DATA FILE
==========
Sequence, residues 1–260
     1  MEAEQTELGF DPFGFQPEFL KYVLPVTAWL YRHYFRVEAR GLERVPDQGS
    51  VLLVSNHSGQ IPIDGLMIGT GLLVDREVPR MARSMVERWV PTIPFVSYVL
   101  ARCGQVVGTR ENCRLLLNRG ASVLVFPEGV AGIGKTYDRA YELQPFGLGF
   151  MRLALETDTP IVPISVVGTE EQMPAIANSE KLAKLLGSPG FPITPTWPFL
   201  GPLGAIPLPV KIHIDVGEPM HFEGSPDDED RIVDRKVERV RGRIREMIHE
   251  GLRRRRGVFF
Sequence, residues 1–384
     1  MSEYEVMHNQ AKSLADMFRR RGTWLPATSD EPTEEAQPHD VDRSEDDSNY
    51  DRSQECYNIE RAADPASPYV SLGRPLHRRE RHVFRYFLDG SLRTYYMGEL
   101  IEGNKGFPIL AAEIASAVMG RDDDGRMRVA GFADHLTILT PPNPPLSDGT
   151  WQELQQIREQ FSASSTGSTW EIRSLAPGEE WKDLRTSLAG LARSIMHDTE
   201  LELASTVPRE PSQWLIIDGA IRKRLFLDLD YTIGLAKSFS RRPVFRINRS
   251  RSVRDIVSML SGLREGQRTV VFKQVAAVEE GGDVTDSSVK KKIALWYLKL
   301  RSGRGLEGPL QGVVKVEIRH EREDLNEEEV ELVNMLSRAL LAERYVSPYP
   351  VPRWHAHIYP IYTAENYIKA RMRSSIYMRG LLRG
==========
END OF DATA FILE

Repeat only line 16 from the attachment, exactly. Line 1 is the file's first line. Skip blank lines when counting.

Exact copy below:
   351  VPRWHAHIYP IYTAENYIKA RMRSSIYMRG LLRG